20 May 1817
Eliza Fenwick, Barbados, to Mary Hays, 20 May 1817.1
Barbadoes May 20th 1817
Blame me not oh my friend for a silence which is (I ought perhaps to be ashamed to say it) solace to me. My pen is no longer that of a ready writer. I look at it with abhorrence – I loath – I shudder at its use. To write a letter even to you nearest & dearest of friends is a task I fly from. It renews the severest anguish that anguish that I have taken such laborious pains to subdue. Overwhelmed with occupation almost beyond my bodily as well as mental strength I pass from ^active^ employment to my chamber & ^there^ my wearied limbs & faculties ^soon^ sink into the torpor of sleep – Sleep is my balm & my blessing – It often gives me back the treasure I have lost – But Ah then what a waking moment is mine! Just such are the moments if I attempt writing. I dread to receive a letter for I cannot endure to think of the answer. Yet inconsistent as it may seem I love to think of you, to feel the soothing consciousness of your affection and sympathy to remember our past moments of precious intercourse[.] All this seems to me as something long since past & never never to be renewed, and produces nearly the same mingled sensation of pain & solace which I feel when I sit & listen to the praises of my noble my departed boy. Who does not praise him? Who does not regret Orlando! I did not know that he was half so highly estimated except among casual observers – Ah me – Ah me! I must burst asunder when I kiss’d for the last time the breathless lips of my boy. Indeed indeed I believe many mothers bereaved of such a son would have expired & gone to the grave with him, but I live, eat drink talk & enter into some of the busiest scenes of life contrive for the present, speculate for the future and all just as if he were still here. No – not so either. The interest the charm of life of prosperity is all gone. I busy myself with tenfold earnestness to what I did before. Never did I seem to be so engrossed by my business, never did I cling so closely to the cares of the family as I now do – not from interest, but from repugnance to encounter myself alone – to commune with my own thoughts – to court such emotions as now while writing to you shake every fibre of my frame. To my share of the business of the school I have discharged our Housekeeper & added her duties. This may appear no great matter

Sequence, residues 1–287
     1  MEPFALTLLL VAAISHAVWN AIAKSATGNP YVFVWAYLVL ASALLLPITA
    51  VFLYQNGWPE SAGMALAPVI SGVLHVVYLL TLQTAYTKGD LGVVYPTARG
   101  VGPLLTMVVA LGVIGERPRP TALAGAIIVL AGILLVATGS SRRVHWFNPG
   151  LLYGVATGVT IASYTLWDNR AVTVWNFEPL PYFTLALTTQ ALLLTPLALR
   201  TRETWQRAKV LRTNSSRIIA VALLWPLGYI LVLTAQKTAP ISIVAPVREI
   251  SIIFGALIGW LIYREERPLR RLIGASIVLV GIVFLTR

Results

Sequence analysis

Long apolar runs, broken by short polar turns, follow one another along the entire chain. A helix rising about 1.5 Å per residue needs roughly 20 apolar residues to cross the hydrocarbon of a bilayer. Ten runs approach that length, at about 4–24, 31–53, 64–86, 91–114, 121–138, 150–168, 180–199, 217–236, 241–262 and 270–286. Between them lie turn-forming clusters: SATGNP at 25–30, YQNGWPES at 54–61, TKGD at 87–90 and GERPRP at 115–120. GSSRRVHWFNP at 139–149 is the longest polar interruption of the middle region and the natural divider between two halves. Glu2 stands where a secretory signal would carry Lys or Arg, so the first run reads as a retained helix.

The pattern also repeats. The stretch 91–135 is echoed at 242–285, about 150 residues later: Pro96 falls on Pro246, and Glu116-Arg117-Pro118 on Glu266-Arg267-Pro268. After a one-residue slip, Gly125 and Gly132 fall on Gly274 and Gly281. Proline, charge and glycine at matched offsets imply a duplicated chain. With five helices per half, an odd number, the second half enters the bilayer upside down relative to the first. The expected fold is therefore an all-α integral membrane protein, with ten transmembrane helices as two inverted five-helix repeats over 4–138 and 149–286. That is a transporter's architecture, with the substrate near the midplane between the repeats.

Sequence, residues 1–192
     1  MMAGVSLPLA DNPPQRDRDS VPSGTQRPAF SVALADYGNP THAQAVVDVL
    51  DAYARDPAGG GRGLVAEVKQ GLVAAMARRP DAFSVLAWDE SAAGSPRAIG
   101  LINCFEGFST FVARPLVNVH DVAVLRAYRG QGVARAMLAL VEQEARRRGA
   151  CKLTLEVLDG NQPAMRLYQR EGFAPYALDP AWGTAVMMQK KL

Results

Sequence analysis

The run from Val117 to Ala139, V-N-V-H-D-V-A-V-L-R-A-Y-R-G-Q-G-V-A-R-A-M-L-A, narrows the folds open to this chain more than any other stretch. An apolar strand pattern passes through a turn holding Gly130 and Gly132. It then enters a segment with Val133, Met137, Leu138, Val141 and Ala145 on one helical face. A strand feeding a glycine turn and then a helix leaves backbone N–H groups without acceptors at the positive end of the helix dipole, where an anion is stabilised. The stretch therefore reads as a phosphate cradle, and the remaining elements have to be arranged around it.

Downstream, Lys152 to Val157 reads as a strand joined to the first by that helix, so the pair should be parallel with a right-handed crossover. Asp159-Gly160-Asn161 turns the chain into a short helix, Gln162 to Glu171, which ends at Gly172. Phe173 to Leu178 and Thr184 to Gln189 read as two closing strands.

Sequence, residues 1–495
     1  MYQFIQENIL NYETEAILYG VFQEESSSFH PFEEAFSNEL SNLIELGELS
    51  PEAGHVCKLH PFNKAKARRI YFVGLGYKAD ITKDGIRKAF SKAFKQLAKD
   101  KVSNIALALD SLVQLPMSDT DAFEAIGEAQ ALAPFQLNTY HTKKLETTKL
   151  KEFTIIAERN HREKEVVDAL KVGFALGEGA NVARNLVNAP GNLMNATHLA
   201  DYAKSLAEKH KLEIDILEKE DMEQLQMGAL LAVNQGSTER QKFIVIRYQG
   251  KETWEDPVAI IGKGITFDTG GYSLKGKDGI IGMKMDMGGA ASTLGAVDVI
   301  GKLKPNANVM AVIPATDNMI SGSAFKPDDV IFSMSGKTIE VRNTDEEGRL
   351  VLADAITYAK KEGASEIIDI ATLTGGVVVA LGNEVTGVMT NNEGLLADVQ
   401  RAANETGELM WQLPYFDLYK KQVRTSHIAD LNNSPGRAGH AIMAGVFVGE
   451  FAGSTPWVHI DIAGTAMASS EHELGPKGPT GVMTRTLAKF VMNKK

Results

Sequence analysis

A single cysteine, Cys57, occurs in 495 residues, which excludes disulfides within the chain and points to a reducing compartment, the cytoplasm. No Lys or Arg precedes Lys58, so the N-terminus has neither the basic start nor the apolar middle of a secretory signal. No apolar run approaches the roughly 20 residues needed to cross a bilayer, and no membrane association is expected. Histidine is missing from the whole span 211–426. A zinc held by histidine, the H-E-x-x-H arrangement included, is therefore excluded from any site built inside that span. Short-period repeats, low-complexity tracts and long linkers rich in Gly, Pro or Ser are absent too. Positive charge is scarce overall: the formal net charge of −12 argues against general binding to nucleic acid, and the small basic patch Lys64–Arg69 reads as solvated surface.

but to a European, but if you knew the slavery of managing a family in the West Indies with Negro Domestics, (& we have seven of them) you would wonder how I support the toil. From five in the morning till evening I have literally not an ^un^occupied moment and this wretched condition is my refuge. For reading & writing I have no time but what I take as in the present case from sleep – The latter I court – the former I avoid.
This anguish will be wearied down, I know;
What pang is permanent with man? – From the highest
As from the vilest thing of every day
He learns to wean himself for the strong hours
Conquer him. – Yet I feel what I have lost